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How to Determine Your Highway Use Tax

Tax Bulletin HU-360 (TB-HU-360)

Printer-Friendly Version (PDF) Issue Date: August 1, 2014

Introduction

The highway use tax is computed by multiplying the number of miles traveled on New York State public highways (excluding toll-paid portions of the New York State Thruway) by a tax rate. The tax rate is based on the weight of the motor vehicle and the method that you choose to report the tax.

When completing your first return for the calendar year, you must choose to use either the gross weight method or the unloaded weight method to compute your tax. You should base your method on your particular operations. One method may be more economical or convenient for you.

After you select a method, you:

  • must use the same method to compute your tax for each return filed during the year,
  • cannot change the selected method until the following year, and
  • use it for all your vehicles.

Gross weight method

If you choose to use the gross weight method, you must use it for every truck and tractor with a gross weight of more than 18,000 pounds operating on New York State public highways during the reporting period.

Gross weight means the:

  • unloaded weight of the truck, tractor, or other self-propelled vehicle; plus
  • unloaded weight of the heaviest trailer, semitrailer, dolly, or other device to be drawn by that motor vehicle; plus
  • maximum load to be carried or drawn by the motor vehicle.

Gross weight excludes the weight of the driver and a helper. For a tow truck, it excludes the weight of any vehicle that is being towed partly or wholly upon the towed vehicle’s own wheels. Gross weight of a flatbed tow truck must include the weight of the heaviest vehicle to be transported on the bed of the truck.

Under the gross weight method, you may use the:

  • straight line option, or
  • heaviest weight option.

Straight line option

When using the straight line option, you will compute your tax based on the taxable miles for each vehicle you operated during the period.

Under this option, you will compute your tax using:

  • the gross weight of each laden (with a load or any part of a load) truck and tractor and miles traveled while laden, and
  • the unloaded weight of each unladen truck and tractor and miles traveled while unladen.

Heaviest weight option

If you operate more than one truck or tractor on New York State public highways during the reporting period, you may use the heaviest weight option. Under this option, you will compute your tax using:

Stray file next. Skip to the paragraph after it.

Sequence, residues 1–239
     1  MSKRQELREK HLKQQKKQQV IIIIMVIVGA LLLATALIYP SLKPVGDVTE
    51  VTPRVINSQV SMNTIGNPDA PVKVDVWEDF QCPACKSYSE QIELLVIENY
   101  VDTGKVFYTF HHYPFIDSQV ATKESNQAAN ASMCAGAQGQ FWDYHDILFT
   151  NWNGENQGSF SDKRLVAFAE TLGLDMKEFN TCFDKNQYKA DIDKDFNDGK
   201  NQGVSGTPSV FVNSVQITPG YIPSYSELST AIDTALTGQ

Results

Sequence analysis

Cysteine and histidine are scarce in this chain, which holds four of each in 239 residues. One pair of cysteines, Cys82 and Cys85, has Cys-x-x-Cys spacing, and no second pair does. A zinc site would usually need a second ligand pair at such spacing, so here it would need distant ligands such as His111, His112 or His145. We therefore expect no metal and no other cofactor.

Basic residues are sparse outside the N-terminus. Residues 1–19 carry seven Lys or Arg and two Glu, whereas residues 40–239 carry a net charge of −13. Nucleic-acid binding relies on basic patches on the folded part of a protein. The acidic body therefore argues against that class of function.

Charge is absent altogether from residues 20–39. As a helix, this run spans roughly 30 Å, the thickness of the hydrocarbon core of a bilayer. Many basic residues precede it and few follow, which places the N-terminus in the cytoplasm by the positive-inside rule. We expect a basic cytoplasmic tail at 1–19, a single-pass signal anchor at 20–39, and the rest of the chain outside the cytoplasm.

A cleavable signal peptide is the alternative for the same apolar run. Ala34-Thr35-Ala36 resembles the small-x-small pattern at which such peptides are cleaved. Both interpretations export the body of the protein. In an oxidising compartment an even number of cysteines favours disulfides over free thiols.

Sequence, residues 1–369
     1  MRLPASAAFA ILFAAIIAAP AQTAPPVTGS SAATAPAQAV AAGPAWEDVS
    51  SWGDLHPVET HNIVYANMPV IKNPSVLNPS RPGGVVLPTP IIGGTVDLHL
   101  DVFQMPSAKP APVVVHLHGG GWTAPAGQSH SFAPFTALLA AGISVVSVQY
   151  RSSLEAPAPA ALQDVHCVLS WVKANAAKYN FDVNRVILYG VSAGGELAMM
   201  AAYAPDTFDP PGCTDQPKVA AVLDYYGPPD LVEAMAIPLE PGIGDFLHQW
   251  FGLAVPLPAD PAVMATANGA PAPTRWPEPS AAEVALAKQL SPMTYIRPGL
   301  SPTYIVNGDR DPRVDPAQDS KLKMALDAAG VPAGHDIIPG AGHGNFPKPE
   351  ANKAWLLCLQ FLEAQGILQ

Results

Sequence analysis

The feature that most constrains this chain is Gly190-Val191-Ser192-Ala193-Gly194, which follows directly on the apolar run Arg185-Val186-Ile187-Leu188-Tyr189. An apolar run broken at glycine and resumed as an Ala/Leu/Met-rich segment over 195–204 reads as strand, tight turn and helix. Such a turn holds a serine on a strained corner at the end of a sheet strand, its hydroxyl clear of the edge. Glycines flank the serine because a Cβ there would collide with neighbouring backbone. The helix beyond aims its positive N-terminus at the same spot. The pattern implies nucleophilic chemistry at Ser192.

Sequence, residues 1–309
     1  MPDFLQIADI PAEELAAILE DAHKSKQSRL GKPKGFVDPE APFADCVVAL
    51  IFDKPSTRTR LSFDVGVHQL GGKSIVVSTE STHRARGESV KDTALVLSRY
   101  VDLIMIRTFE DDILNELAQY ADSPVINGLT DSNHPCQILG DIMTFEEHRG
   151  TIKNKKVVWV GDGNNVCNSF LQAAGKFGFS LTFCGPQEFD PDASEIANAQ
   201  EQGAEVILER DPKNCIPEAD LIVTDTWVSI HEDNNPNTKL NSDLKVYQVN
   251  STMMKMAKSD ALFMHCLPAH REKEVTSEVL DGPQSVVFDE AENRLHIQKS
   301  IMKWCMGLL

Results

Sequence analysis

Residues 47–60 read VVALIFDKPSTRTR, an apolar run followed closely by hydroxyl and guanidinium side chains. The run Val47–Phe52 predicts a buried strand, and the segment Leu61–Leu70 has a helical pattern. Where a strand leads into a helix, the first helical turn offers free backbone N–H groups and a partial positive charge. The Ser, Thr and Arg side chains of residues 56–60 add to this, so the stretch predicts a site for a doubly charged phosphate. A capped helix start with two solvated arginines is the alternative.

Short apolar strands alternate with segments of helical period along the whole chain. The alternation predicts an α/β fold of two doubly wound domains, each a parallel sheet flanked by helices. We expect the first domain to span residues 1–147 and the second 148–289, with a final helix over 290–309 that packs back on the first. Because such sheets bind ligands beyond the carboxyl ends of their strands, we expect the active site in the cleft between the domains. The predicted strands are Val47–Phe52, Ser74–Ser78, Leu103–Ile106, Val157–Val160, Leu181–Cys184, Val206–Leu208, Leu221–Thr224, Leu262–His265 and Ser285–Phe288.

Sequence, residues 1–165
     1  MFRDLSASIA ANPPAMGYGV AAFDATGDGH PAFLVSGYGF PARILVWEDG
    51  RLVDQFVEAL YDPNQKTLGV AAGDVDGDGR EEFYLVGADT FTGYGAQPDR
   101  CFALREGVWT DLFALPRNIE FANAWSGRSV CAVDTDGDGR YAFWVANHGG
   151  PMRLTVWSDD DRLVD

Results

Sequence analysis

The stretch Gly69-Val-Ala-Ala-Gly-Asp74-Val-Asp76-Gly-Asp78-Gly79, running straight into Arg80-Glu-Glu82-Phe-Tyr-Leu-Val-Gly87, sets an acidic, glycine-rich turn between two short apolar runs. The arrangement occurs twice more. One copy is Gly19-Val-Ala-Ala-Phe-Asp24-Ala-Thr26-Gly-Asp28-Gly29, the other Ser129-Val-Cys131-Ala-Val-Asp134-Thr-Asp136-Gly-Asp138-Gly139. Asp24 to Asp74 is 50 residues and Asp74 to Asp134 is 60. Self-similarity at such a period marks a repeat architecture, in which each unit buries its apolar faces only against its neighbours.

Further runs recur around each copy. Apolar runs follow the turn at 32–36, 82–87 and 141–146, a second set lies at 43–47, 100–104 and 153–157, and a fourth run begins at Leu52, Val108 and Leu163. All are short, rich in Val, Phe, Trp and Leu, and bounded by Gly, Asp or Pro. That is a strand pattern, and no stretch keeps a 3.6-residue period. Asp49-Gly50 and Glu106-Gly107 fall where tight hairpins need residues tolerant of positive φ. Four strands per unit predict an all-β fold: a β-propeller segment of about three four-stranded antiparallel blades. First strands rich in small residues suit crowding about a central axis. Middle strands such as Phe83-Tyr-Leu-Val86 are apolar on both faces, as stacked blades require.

• the gross weight of all your heaviest laden trucks and tractors and miles traveled while laden, and
  • the unloaded weight of all your heaviest unladen trucks and tractors and miles traveled while unladen.

Unloaded weight method

If you choose to use the unloaded weight method, you must use it for the following vehicles operated on New York State public highways during the reporting period:

  • a truck with an unloaded weight of more than 8,000 pounds, and
  • a tractor with an unloaded weight of more than 4,000 pounds.

Unloaded weight means the actual weight of the motor vehicle, including:

  • all equipment necessary for its performance as a vehicle,
  • all equipment necessary for its safety,
  • all equipment permanently attached to the vehicle,
  • all equipment used exclusively for the protection of its load,
  • all equipment used exclusively for loading or unloading the vehicle, and
  • the weight of full fuel tank(s) used to propel the vehicle.

The weight of the driver and a helper is not included.

Reduced tax rates apply to certain vehicles

Reduced tax rates apply if you have three or fewer trucks or tractors operated in New York that are used almost exclusively to transport:

  • boltwood (short sections of logs, six feet long or less, to be sawed or cut, that are commonly used for specialized items, as in the case of the wood-turnery industry);
  • logs (unshaped timber over six feet long, ready for sawing, and commonly used for making lumber);
  • pulpwood (wood for pulp commonly used in making paper);
  • woodchips (small, usually thin, flat pieces of wood cut, struck, or flaked, that are commonly used in making composition board and pulp); and
  • raw, unprocessed milk in bulk.

For more information, see Special instructions if you have three or fewer vehicles for this filing period hauling timber products or bulk raw milk.

Note: A Tax Bulletin is an informational document designed to provide general guidance in simplified language on a topic of interest to taxpayers. It is accurate as of the date issued. However, taxpayers should be aware that subsequent changes in the Tax Law or its interpretation may affect the accuracy of a Tax Bulletin. The information provided in this document does not cover every situation and is not intended to replace the law or change its meaning.

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